Howdy from Texas — they have birds here

The great-tailed grackles are out in force here in the Brazos Valley of Texas, and it almost seems as if they outnumber the bluebonnets and other wildflowers blooming in spectacular clusters along the highways I drove from Houston airport to College Station.

What starlings are to many areas of the country, the great-tails are to this part of East-Central Texas. Quiscalus mexicanus is passim, that is, everywhere : strutting on street corners, chattering from the trees by strip malls, darting in and out of city parks. As I stepped out of my car at a Whataburger for an after-school milkshake break with our granddaughter, a female long-tail was in the grass about 10 feet from me while three males were jabbering in a tree nearby.

Having seen them in Houston a few years ago without realizing what they were, I knew this time I would see great-tailed grackles and add them to my life list. From scouting e-Bird listings for Brazos County and the Bryan-College Station metro area, I figured I’d also have a good shot at seeing barn swallows.

A barn swallow, on my daughter’s lawn in College Station, Texas, April 11, 2022.

I had no idea how easy it would be. As I stepped out of the front door of my daughter’s home this afternoon, two barn swallows were poking around her front lawn. As quickly and quietly as I could, I pulled my camera out of the trunk of our rental car and was able to snap a few frames while others winged their way up and down the block.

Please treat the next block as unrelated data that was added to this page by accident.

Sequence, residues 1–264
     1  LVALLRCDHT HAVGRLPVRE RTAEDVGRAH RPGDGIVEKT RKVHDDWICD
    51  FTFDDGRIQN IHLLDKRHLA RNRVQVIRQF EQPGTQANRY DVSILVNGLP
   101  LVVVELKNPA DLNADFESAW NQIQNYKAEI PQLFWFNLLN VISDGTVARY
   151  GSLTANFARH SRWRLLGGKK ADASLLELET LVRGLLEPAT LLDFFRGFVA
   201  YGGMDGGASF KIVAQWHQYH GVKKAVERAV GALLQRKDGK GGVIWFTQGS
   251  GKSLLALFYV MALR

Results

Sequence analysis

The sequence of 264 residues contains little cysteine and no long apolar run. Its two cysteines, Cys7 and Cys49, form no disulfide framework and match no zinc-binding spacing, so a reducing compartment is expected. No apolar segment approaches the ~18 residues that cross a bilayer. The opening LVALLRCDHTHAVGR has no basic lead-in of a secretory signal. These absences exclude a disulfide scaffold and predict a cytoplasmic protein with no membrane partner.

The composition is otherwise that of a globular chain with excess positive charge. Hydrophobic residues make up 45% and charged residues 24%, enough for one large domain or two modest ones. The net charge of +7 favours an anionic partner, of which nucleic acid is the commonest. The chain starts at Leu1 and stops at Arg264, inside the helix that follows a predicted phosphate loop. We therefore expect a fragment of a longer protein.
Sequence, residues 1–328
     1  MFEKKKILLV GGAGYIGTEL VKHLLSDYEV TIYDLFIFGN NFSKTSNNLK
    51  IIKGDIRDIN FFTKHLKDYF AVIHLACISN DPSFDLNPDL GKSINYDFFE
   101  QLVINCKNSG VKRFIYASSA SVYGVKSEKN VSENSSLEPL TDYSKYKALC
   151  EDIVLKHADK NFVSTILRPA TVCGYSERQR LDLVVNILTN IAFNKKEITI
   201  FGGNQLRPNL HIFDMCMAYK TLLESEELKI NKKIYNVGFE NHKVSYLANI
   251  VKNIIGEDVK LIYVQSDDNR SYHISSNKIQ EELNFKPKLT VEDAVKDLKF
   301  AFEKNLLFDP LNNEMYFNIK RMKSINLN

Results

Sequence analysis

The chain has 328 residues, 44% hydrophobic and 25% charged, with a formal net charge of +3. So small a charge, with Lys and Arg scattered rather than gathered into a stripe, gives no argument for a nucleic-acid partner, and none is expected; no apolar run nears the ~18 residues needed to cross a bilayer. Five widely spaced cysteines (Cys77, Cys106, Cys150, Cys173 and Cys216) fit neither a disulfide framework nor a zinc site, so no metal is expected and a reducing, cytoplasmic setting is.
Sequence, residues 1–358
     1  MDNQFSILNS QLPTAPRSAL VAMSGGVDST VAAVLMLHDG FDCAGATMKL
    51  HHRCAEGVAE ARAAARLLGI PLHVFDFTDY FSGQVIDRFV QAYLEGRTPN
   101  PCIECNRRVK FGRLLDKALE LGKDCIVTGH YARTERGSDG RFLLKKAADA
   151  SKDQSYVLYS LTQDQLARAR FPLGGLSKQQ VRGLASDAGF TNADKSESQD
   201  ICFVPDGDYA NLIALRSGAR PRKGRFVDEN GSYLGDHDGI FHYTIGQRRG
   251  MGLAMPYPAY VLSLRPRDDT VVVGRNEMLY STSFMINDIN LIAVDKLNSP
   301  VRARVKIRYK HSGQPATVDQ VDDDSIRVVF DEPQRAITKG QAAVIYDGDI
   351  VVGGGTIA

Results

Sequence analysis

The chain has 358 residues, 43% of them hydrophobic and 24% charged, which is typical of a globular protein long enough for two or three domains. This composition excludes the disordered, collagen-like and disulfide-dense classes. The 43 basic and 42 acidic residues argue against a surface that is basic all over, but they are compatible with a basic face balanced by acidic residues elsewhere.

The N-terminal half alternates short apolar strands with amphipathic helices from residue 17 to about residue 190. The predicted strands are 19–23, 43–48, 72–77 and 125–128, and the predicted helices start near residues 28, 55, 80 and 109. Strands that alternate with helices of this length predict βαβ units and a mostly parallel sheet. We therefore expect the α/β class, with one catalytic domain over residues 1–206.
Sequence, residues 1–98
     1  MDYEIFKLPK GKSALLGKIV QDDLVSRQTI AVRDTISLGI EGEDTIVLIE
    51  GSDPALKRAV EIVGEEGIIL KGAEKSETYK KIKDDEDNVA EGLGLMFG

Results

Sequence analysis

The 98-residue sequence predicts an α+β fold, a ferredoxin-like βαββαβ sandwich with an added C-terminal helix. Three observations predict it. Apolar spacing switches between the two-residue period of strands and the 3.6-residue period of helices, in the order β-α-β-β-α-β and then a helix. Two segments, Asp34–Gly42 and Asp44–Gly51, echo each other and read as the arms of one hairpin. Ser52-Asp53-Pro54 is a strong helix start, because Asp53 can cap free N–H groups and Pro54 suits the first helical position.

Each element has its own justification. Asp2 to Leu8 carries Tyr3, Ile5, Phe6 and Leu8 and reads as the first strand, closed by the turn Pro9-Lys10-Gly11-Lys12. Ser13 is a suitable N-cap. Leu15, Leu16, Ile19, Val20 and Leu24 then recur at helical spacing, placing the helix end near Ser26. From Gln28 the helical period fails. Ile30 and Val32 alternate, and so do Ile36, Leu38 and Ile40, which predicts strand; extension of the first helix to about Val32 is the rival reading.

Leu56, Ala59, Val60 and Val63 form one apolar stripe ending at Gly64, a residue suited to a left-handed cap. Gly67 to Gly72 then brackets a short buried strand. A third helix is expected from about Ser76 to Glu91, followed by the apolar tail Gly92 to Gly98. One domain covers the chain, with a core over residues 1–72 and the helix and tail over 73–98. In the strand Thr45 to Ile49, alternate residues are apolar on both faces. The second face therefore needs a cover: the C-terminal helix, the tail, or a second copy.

White-winged dove, College Station.

Today’s other highlight was my first white-winged dove, which my wife and I spotted early in a short walk around delightful Gabbard Park, not far from the Texas A&M University campus. (I’ve had that Stevie Nicks song “Edge of Seventeen” — “just like the white-winged dove” — stuck in my head all day.)

Although the grackles eluded my lens all day (too fast, they, and too impatient, I), I was able to get a few decent shots of mallards at Gabbard Park.

Mallard mates in the grass at Gabbard Park, College Station.

I was puzzled to note that the heads of the two of the males were purple, not the usual green. I found one seemingly definitive report earlier today on the web (no pun intended!) that it’s breeding plumage for male mallards, but I can’t seem to finding anything conclusive as I write this post. More research needed!

The purple-headed mallard, or so it would seem.

Published by Dan

University media executive by day, blogger by night, I am a well-traveled resident of New Jersey

One thought on “Howdy from Texas — they have birds here

Leave a Reply

Fill in your details below or click an icon to log in: Logo

You are commenting using your account. Log Out /  Change )

Twitter picture

You are commenting using your Twitter account. Log Out /  Change )

Facebook photo

You are commenting using your Facebook account. Log Out /  Change )

Connecting to %s

%d bloggers like this: